Corydalis solida forms color variations on a theme. Photo ©Brian Bixley

the golden flowers of a single plant of Adonis vernalis in the Nursery Garden neighbours ‘Onyx Odyssey’ and shares the shelter of that most elegant of shrubs, Disanthus cercidiphyllum ‘Ena Nishiki’; the rose-coloured, evocatively fragrant Spring Daphne, Daphne mezereum, that has returned to my surprise and delight to line the east side of the Driveway; its white form, growing and flowering in profusion on the Daphne Bank; and the first primulas, sky-blue denticulata peering anxiously through the corydalis, and garnet red juliae in various spots throughout the garden. And everywhere there are shoots, of the Crown Imperial, Fritillaria imperialis, already 50cm tall when not knocked down by frost or rain, and host to the dreaded lily-beetle; lilies, daily inspected, surging skyward; bloodroot, single, double and something in between; the deep purple of emerging jeffersonia; an arum, adventurous or just plain foolish; the exotic dog’s-tooth violet, Erythronium dens-canis ‘Moerheim’; trilliums, large and small, red, white, yellow. As gardeners we live on this lip of pleasure.

The Reckoning to Come

It is still too early to calculate the consequences of the past winter. That some, perhaps much, of my whining was apotropaic, intended to avert evil influence or ill luck, seems certain. Every one of the 30 or so Daphne mezereum that I had marked as doomed for destruction has survived (I plead in excuse, that a friend, living in the tropical paradise of Burlington, Ontario, wrote that she was convinced her plant had died). There is no frailer-seeming plant than the disanthus mentioned earlier which, even as I write, is preparing to unfurl its miniscule katsura-like foliage; the slim branches of Tschonoski’s maple have never been more brilliantly red; and there is reason to believe that Laburnum alpinum, Liquidambar styraciflua and Magnolia sieboldii are all in the land of the living.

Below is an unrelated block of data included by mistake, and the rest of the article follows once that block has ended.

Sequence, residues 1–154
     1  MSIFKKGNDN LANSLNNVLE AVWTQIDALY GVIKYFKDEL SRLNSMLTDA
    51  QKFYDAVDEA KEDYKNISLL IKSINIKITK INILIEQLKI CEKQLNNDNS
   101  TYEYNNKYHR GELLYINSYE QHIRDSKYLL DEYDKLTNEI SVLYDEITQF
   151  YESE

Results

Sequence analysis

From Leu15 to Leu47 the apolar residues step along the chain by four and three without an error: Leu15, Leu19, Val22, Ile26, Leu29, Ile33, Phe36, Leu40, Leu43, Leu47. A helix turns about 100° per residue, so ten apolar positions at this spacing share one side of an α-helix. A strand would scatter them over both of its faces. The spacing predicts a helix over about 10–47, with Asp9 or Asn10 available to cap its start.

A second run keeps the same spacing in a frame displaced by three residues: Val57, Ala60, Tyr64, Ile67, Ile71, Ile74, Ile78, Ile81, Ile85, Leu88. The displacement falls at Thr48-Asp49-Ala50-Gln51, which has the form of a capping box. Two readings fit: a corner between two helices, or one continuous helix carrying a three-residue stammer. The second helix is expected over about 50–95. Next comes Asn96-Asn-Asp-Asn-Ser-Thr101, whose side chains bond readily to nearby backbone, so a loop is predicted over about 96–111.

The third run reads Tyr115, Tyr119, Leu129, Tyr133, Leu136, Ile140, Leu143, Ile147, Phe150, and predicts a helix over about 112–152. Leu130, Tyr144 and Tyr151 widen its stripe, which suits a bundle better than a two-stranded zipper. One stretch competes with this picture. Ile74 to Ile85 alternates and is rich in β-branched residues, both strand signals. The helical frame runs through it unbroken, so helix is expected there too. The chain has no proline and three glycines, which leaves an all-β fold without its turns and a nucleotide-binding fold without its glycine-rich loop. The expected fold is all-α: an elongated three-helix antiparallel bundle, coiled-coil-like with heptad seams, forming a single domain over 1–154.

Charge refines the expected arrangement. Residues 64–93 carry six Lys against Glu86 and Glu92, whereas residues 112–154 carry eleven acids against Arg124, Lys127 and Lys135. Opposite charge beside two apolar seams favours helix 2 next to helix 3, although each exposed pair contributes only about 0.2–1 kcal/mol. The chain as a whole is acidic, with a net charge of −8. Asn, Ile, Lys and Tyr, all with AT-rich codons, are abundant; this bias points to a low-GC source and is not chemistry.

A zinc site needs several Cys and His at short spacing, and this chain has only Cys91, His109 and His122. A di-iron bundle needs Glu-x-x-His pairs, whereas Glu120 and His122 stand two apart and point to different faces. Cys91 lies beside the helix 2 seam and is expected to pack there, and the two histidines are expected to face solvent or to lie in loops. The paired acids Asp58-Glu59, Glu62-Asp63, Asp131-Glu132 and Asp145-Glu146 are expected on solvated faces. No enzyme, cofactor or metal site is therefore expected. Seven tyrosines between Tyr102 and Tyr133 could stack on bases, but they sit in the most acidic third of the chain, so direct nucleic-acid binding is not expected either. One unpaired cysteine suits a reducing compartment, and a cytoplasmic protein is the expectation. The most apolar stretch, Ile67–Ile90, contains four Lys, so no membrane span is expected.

Acer tschonoskii

Tschonoski’s maple (Acer tschonoskii) has never been more red Photo ©Brian Bixley

Open Garden Schedule

Lilactree Farm will be ‘open’ on Sunday, May 18 and Saturday, June 21. For information, contact Brian here.

Don’t miss your chance to win a $50 gift card from Duluth Trading. See this previous post for details.

About the Author

Brian Bixley and his wife live in a Victorian farmhouse 70 miles north-west of Toronto, where he has slowly been making a garden in the middle of open farm fields. While he has particular interests in clematis (the species), alpine plants and, more recently, unusual trees, his main concern is making a garden that is satisfying in a number of ways, and which relates to and “borrows” the beautiful countryside that surrounds it. Brian’s book, Essays on Gardening in a Cold Climate, is available for $20 (US or Canadian), plus shipping. His new book, Ten New Snowdrops, is a tongue-in-cheek commentary on the passion for new snowdrop forms. CAN$15.00 Click here to order them.

In the end, this may be the most important thing about frost: Frost slows us down. In spring, it tempers our eagerness. In fall, it brings closure and rest. In our gotta-go world–where every nanosecond seems to count–slowness can be a great gift. So rather than see Jack Frost as an adversary, you could choose to greet him as a friend.

~Philip Harnden in A Gardener’s Guide to Frost: Outwit the Weather and Extend the Spring and Fall Seasons

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Deborah Banks May 9, 2014, 9:55 pm

You really capture the magic and excitement of spring. Every day there’s something new emerging or blooming! I’m happy to hear your Daphne mezereums all survived. They have survived worse winters here, down to -32 degrees F, though thank goodness it wasn’t that cold this year (only -23 F on the coldest night).